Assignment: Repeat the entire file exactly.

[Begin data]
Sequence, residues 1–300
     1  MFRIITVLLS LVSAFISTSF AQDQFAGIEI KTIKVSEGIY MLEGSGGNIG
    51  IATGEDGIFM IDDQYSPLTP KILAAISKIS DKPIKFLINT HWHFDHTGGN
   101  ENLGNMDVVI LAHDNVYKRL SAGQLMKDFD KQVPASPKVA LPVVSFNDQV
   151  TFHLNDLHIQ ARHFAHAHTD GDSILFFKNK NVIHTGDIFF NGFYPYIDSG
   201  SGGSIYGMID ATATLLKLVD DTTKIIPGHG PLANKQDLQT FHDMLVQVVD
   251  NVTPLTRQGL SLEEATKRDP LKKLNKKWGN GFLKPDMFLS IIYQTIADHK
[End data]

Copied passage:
Sequence, residues 1–300
     1  MFRIITVLLS LVSAFISTSF AQDQFAGIEI KTIKVSEGIY MLEGSGGNIG
    51  IATGEDGIFM IDDQYSPLTP KILAAISKIS DKPIKFLINT HWHFDHTGGN
   101  ENLGNMDVVI LAHDNVYKRL SAGQLMKDFD KQVPASPKVA LPVVSFNDQV
   151  TFHLNDLHIQ ARHFAHAHTD GDSILFFKNK NVIHTGDIFF NGFYPYIDSG
   201  SGGSIYGMID ATATLLKLVD DTTKIIPGHG PLANKQDLQT FHDMLVQVVD
   251  NVTPLTRQGL SLEEATKRDP LKKLNKKWGN GFLKPDMFLS IIYQTIADHK